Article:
I feel really ashamed to see such a nationalist discussion arise on a statistical forum – and I would have hoped that we, as statisticians, should be better educated to stand above such nationalist levels and attitudes. Sorry to say this so clearly. The members of the Organizational Committee that lead to the IESS apparently have been able to overcome their political, religious, and national differences – but I doubt that everybody who has posted on this Web site has learned something from their example…

      Finally, in the name of peace, let the people of Macedonia decide themselves how their country is called – and if I am not mistaken, both Macedonian contributors to the IESS (see the reposted list of contributors at http://www.amstat.org/news/pdfs/contributors_iess.pdf) indicated “University “Ss. Cyril and Methodius”, Skopje, Macedonia” as their affiliation.

      Let me requote from the SUTRA magazine: “…it would be a paradigm, a model, and a signal for all new generations in the region that the political solution can only be reached on the basis of joint work and concessions, rather than war and violence.” So, one concession would be to acknowledge that the people of the Republic of Macedonia have a right to decide themselves on the name of their country. Peace!

    • Local Aerodrum-KG lad said:

      As we all know Nobel Peace prize is not objective prize category nor is a prize of great importance. Just look who has won it 2010-Barak Obama, everything is clear. We all just need to wait for Bill Gates to win it and nothing else matters. But nevertheless, it is a great success for someone from “our” pitfull region of Balkan to be nominated, whatever is the category. Also it is obvious that they will not win it, it is not my bad will, simply I am realistic. I wish them all the best, especially Milorad Lovric, because that (Statistics) is his entire world. Additionally, that fact (nomination) is of great importance for the prestige of disorganised and unambitious Faculty of Economics Kragujevac, simply because that institution, Faculty of mine, is too passive allowing “there-some” Faculty of Belgrade to be better.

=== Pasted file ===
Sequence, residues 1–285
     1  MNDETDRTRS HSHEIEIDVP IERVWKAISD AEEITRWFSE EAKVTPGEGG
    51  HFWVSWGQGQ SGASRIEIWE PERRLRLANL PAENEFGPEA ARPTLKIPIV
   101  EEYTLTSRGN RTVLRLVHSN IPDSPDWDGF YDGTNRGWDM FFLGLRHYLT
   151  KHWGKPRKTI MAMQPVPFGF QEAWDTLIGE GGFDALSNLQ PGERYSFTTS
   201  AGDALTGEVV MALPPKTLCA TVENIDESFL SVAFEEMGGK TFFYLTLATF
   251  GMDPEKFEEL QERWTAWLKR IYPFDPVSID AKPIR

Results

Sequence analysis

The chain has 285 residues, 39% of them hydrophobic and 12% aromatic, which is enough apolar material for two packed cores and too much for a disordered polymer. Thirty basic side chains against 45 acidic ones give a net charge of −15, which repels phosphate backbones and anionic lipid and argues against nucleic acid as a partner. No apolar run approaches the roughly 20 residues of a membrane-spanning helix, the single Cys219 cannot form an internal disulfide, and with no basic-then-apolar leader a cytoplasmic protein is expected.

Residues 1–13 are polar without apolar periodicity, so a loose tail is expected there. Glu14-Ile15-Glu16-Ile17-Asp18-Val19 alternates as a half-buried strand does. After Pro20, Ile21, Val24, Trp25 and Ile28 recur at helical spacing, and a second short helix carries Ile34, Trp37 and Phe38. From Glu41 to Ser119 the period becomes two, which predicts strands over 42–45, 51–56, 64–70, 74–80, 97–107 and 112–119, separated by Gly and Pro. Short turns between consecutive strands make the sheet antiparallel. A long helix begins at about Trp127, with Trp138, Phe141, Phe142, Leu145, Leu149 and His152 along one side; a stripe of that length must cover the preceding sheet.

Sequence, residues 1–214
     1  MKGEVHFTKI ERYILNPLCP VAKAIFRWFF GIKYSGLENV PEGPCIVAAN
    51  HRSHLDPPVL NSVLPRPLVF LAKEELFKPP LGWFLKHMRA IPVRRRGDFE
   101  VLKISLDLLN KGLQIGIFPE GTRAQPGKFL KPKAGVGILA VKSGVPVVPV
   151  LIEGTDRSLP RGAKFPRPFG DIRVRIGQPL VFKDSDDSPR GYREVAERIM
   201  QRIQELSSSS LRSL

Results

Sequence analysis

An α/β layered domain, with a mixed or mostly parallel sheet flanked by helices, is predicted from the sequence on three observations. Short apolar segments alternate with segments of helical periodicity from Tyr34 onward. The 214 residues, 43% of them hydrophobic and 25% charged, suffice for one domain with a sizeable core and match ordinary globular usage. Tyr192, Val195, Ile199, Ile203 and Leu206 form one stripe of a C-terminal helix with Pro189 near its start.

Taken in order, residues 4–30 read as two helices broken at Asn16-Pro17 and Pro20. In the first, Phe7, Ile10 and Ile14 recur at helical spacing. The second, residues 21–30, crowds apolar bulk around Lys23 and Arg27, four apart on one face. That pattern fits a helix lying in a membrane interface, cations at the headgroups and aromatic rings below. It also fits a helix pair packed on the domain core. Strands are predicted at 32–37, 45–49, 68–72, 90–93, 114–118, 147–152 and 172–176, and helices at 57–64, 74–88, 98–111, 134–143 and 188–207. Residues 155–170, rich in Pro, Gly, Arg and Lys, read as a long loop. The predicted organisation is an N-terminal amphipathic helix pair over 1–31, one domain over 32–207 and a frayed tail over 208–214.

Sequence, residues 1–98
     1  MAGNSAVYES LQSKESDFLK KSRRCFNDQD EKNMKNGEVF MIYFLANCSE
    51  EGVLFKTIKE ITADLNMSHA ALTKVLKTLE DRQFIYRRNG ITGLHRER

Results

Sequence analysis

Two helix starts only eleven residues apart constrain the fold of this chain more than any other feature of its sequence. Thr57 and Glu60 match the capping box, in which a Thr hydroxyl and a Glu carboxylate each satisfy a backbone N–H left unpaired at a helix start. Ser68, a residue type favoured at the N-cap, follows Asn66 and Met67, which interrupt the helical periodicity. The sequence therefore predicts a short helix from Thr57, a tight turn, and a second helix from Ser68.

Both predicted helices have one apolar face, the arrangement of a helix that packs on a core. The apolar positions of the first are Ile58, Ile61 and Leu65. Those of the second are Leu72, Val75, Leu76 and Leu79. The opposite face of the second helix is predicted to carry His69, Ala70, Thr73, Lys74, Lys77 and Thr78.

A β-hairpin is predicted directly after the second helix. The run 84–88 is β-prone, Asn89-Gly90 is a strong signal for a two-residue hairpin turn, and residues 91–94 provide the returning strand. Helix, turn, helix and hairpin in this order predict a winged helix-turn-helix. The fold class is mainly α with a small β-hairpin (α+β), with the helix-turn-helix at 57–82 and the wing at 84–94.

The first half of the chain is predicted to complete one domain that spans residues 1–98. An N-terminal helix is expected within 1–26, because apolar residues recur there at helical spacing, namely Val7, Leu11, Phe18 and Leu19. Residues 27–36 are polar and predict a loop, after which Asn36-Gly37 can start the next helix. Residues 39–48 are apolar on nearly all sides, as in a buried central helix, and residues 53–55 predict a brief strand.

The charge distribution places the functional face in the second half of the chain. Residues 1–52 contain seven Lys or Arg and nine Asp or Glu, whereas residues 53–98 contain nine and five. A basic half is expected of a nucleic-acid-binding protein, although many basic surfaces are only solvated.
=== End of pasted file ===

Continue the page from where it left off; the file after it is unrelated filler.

Samo gurajte napred Lovricu Srbine, sine prestonicki!!! Ali uvek bez sujete.
      Srbija nije i nikada nece biti Beograd.

    • dusanKG said:

      i’m just confused with this “7” independent republics you say there are now..
      according to the UN – Kosovo is NOT independent republic!!!
      see: http://www.un.org/en/members/index.shtml
      so i would be grateful if you would erase the word “Kosovo” from the sentence of republics which became independent from YU.

    • Tamara said:

      Congratulations! I m proud that I was student of prof. Lovrić. He is extraordinary profesor as well. But in this text is one mistake: Kosovo is not a state. It is ocupied theritory of Serbia!

    • Takis Papaioannou said:

      To Juergen Symanzik regarding “Macedonia”: Your response, besides being biased, is insulting, offensive and impolite. Apparently the message “be nice, keep it clean, stay on the topic,etc” listed after the prompt ‘leave your response’, was ignored.
      I will not follow you with your insults or political beliefs. In the name of peace let the people of “Macedonia” realize that they have nothing in common with ancient Macedonia or Alexander the Great. They are just a slavic country, the Former Yugoslav Republic of Macedonia. There is huge literature on the issue and not just wikipedia or the other sources you are citing. The blame for letting this statistical forum go astray is entirely on you who ignored Amstat News’s international circulation and reacted impulsively. If you are asking for concessions ask them from FYROM not from Greece. It’s a pity.

    • Juergen Symanzik said:

      To dusanKG: As stated before, Amstat News is published by the American Statistical Association and not by the United Nations, the International Olympic Committee, or the European Council. Therefore, this article was written for primarily US American readers.

      According to the official CIA Web site (and therefore the American view) at https://www.cia.gov/library/publications/the-world-factbook/geos/kv.html, Kosovo is considered an independent state by over 70 countries. Below an extract from this CIA Web site (extend the “Background” section):